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Johnny Winter

On 23/02/1944: Johnny Winter was born in Beaumont, Texas. His full birth name was John Dawson Winter III. Winter and his younger brother Edgar were both born with albinism. They were both encouraged by their parents in pursuing music. When he was 10, the two brothers appeared at a local children's show with Johnny playing the ukulele.
At the age of 15, Johnny's band Johnny and the Jammers released the song "School Day Blues" on a Houston record label. Around the same time, he would watch performances by Muddy Waters, B. B. King and Bobby Bland. Winter would sometimes sit in with Roy Head and the Traits.
In 1967, Winter recorded on the Traits single "Tramp"/"Parchman Farm".
In 1968, Winter released his debut album "The Progressive Blues Experiment" on Austin's Sonobeat Records. In the same year, he met and jammed with Mike Bloomfield in Chicago. Bloomfield invited him to play a song with him at the Fillmore East in New York. There were representatives from Columbia Records at the concert and Winter was signed to Columbia within days for the largest advance in history at that time $600,000.
In 1969, Winter released his first album with Columbia, "Johnny Winter". It featured the same backing musicians from "The Progressive Blues Experiment", Tommy Shannon, Uncle Joe Turner, Willie Dixon, Big Walter Horton and Johnny's brother Edgar. The album was successful and Imperial Records picked up "The Progressive Blues Experiment" for wider release. Also in 1969, the Winter Trio, with Edgar, toured and performed at festivals including Woodstock. Later in 1969, Winter released the album "Second Winter". In December, Winter made a guest appearance at a Janis Joplin concert at Madison Square Garden. Winter and Joplin were involved in a short-lived love affair.
In 1970, Edgar Winter left the Winter trio to record his own solo album. Johnny formed a new band with the remnants of the McCoys, Rick Derringer, Randy Jo Hobbs, Randy Z. Originally they were going to be called Johnny Winter and the McCoys but they shortened it to Johnny Winter And. Also in 1970, they released the album "Johnny Winter And". The band went on tour and Randy Z was replaced by drummer Bobby Caldwell.
In 1971, Winter released the live album "Live Johnny Winter And".
Winter would suffer from a heroin addiction during his time with Johnny Winter And. He received treatment and recovered from the addiction.
In 1973, Winter released the album "Still Alive and Well" after returning to the music industry following his recovery. Winter performed his comeback concert at Nassau Coliseum in New York without Derringer and Caldwell. Johnny's wife Susie performed on stage also.
In 1974, Winter released the albums "Saint & Sinners" and "John Dawson Winter III". Also in 1974, Winter performed in a concert honouring Muddy Waters. It fulfilled a childhood dream of his to play alongside him.
In 1975, Winter produced an album for the band Thunderhead in Bogalusa, Louisiana. It included Pat Rush and Bobby "T" Torello.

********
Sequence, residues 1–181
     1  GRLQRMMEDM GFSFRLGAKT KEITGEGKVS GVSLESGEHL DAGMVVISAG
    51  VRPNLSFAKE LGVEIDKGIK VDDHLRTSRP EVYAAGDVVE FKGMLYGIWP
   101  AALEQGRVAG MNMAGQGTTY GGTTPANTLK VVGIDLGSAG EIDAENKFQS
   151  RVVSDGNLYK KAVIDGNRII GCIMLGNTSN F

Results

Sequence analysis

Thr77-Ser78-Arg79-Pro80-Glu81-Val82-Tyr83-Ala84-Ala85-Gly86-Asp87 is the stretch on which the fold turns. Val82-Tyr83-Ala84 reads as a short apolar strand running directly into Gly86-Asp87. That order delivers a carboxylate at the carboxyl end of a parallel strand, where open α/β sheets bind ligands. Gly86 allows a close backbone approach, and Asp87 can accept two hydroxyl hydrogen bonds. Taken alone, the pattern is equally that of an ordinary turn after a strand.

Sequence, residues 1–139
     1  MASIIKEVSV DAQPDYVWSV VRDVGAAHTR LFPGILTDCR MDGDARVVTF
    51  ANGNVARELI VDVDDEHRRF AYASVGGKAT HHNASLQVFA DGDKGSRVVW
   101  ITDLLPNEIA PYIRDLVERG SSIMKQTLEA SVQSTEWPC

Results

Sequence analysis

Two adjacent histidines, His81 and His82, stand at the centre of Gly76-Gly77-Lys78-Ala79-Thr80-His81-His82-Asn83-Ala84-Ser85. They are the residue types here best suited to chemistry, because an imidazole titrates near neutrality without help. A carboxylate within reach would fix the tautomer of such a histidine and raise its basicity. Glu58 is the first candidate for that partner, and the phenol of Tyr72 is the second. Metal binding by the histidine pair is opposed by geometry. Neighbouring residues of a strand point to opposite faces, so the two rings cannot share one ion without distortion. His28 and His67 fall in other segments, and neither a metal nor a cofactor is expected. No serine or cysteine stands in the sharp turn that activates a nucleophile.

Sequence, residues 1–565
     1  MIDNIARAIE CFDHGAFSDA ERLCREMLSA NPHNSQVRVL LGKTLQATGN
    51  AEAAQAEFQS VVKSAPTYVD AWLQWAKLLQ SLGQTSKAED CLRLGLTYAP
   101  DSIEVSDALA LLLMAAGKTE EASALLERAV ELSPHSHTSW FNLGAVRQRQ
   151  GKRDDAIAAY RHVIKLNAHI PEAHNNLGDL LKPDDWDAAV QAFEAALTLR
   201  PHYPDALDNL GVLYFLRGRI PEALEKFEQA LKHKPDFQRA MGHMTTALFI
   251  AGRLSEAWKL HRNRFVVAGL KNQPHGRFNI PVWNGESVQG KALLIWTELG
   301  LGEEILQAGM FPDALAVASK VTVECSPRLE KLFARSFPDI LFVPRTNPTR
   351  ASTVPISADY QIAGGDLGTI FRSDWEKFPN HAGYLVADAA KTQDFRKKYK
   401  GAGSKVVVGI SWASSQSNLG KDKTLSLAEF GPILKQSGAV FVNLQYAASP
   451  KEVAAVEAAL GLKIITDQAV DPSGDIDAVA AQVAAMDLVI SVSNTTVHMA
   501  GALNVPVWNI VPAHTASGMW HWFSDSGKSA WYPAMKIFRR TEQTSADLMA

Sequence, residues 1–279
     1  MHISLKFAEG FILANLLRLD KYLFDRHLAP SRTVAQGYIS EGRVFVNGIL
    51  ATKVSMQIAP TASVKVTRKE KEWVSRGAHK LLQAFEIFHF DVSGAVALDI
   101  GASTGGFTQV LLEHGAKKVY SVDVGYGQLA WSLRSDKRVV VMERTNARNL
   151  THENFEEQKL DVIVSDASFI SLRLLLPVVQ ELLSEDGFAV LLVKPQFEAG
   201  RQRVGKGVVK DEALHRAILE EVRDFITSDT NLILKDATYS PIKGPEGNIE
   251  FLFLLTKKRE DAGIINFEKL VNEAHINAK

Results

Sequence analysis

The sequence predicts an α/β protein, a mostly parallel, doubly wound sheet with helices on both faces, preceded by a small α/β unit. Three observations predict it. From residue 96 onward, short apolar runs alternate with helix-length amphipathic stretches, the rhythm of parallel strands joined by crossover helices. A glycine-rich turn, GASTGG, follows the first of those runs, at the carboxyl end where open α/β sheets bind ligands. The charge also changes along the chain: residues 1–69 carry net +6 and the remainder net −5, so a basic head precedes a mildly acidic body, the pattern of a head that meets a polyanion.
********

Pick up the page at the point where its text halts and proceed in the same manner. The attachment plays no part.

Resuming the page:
In 1976, Winter released the live album "Captured Live!".
In 1977, Winter brought Muddy Waters into to the studio to record Water's album "Hard Again" for Blue Sky Records a label set up by Winter's manager. Winter would also play the guitar on the album. It would win a Grammy Award. Winter would also release his own album "Nothin' but the Blues" in 1977.
In 1978, Winter produced Muddy Water's album "I'm Ready". The album would win a Grammy Award.
In 1979, Winter produced Muddy Water's live album "Muddy 'Mississippi' Waters – Live". The album would win another Grammy Award.
In 1981, Winter produced Muddy Water's album "King Bee".
In 1984, Winter released the album "Guitar Slinger". It would receive a Grammy nomination.
In 1985, Winter released the album "Serious Business". It would receive a Grammy nomination.
In 1988, Winter became the first non-African-American performer to be inducted into the Blues Hall of Fame.
In 1991, Winter released the album "Let Me In". It would also recieve a Grammy nomination.
In 1992, Winter married Susan Warford.
In 1996, Johnny and Edgar Winter filed a lawsuit against DC Comics for defamation over two characters called Johnny and Edgar Autumn in the Johah Hex: Riders of the Worm and Such limited series. The court sided with DC Comics.
In 2004, Winter received a Grammy nomination for his album "I'm a Bluesman".
In 2007, Winter's albums titled "Live Bootleg Series" all entered the Top 10 Billboard Blues chart.
In 2011, Winters released the album "Roots" the first studio album in 7 years. It featured guest appearances by Vince Gill, Sonny Landreth, Susan Tedeschi, Edgar Winter, Warren Haynes, and Derek Trucks.
In 2014, Winters released his last album called "Step Back". It featured guest appearances by Joe Bonamassa, Eric Clapton, Billy Gibbons, Leslie West, Brian Setzer, Dr. John, Paul Nelson, Ben Harper and Joe Perry.
On 16/07/2014, Winter was found dead in his hotel room near Zurich, Switzerland, two days after a performance at the Cahors Blues Festival, France. The cause of death was not officially released, according to his friend producer Paul Nelson it was due to emphysema combined with pneumonia.
In 2015, Winter posthumously received a Grammy Award for Best Blues Album for the album "Step Back". He would also be awarded the B. B. King International Artist of the Year Award.

The Music History Calendar is written by the Blues Rock artist Marshland Pete
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